Spotlight Q&A with... Rolls-Royce's IT Director
After we uncovered the world of LPG marketing in our last edition, we took a trip to Derbyshire, UK to have a chat with Rolls-Royce’s Director of IT Strategy, Enterprise Architecture and Innovation.
Article | by Andy Wood
Back in the early 90’s, early adopting businesses (Yahoo, for example) understood the potential impact that websites could have on future marketing communications activity. Some businesses, however, were a little slower… Fast forward to the mid 00’s, it was clear that digital was ‘the future’ and the majority of businesses were investing more in digital. Viral ads started appearing (the first I remember was the slightly gruesome Ford KA ad involving a cat, in 2004…) and we were spending our own time on new digital platforms including Myspace, in 2003, and online games (Counterstrike, anyone?). Early content management systems were being used and by the end of the decade blogs were becoming increasingly commonplace.
But where do we go now? What is the next ‘big thing’ for websites and our online experience? Responsive design is standard; content management systems are standard; focus on the UX is standard. Most(!) businesses now understand and embrace the need to deliver class-leading customer experiences; whether they are B2B websites with customer centric content or B2C ecommerce sites providing complex journeys across multiple devices.
If we look at the technology adoption lifecycle, what are the ‘early adopters’ and ‘early majority’ doing differently to the ‘late majority’ and ‘laggards’ of this world?
Well, website technology has moved on again and it now involves significantly more than a content management system. The major change for me is the development of cloud based digital marketing platforms. Platforms that not only house your content, but also link various systems and tools together to help power the entire digital marketing/communications effort, across all stages of a customers journey.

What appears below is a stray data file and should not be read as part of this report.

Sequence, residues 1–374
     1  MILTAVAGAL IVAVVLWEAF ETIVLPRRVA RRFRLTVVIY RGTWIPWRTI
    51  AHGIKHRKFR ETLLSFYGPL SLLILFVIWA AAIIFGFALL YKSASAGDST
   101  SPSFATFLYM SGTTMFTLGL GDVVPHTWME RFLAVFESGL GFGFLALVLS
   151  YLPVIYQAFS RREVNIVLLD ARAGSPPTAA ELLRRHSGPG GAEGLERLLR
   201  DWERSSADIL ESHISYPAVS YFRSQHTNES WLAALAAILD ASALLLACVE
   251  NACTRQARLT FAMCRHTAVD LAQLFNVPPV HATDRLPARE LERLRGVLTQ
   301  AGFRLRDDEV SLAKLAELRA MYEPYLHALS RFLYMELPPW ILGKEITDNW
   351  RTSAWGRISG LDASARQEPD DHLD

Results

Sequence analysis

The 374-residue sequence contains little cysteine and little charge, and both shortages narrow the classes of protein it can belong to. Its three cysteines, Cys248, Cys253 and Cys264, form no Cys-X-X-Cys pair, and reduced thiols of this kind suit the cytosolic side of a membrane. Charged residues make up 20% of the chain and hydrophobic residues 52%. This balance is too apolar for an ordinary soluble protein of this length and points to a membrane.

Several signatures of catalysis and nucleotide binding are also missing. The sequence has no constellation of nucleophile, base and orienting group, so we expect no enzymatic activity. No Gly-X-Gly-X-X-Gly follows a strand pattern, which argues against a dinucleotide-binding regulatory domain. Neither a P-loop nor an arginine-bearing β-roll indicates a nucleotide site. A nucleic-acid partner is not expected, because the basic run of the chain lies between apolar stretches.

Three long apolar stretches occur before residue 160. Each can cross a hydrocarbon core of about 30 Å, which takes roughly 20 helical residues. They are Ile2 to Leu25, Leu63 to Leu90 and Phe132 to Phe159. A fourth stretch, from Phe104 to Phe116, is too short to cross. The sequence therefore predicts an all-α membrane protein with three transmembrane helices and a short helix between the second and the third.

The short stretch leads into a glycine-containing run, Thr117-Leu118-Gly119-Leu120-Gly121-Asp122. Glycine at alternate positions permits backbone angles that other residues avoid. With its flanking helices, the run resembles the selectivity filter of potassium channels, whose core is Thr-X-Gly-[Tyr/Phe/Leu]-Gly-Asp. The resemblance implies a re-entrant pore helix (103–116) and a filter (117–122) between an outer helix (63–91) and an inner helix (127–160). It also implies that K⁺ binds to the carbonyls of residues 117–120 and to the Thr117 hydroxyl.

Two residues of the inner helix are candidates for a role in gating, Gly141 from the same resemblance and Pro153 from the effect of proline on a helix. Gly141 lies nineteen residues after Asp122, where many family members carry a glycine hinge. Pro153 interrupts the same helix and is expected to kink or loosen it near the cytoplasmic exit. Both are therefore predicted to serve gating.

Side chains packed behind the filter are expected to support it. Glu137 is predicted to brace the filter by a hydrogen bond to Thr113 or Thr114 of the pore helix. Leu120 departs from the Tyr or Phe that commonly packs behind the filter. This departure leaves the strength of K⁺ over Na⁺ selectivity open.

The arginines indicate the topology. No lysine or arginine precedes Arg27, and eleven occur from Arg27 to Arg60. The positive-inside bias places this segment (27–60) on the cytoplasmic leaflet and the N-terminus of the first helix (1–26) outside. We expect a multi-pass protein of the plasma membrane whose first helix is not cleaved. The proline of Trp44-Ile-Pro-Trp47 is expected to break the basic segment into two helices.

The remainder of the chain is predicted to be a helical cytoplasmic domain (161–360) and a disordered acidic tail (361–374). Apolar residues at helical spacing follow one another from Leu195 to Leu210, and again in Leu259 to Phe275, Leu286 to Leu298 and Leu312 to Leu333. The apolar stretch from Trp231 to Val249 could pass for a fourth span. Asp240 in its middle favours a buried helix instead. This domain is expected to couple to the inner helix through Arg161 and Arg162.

These tools vary by platform but typically combine CRM and CMS systems; personalisation and recommendation engines (to show content or products to visitors based on previous behaviour or segmentation); digital asset management systems and marketing automation platforms.
Just as before, there are businesses that have been quick to embrace this change. Others are seemingly oblivious to the short and long term risks that their inertia will cause– lower customer engagement, loss of market share, or negative brand perception, for example.
There are a number of options available depending on the budgets and ambition you have as a business but thankfully our chosen technology platform, Episerver, is quite literally leading the pack with their cloud offering – the Digital Experience Cloud (DXC).
The content management and ecommerce experience was always very good. But now, following key acquisitions of Peerius (marketing leading personalisation software) and Optivo (real time, omnichannel behavioural based campaign management), Episerver’s ability to facilitate class leading digital marketing activity has reached another level entirely.
This has been reflected in two of the most recognisable industry benchmarking and research reports: The Gartner Magic Quadrant and Forrester Wave. I’ve included the tables below but the key piece of information is this:
What does this mean? Well, if you are a progressive business looking to implement a CMS or cloud based solution based on .net technology, and irrespective of your current place on the adoption lifecycle, then Episerver should be first to be considered.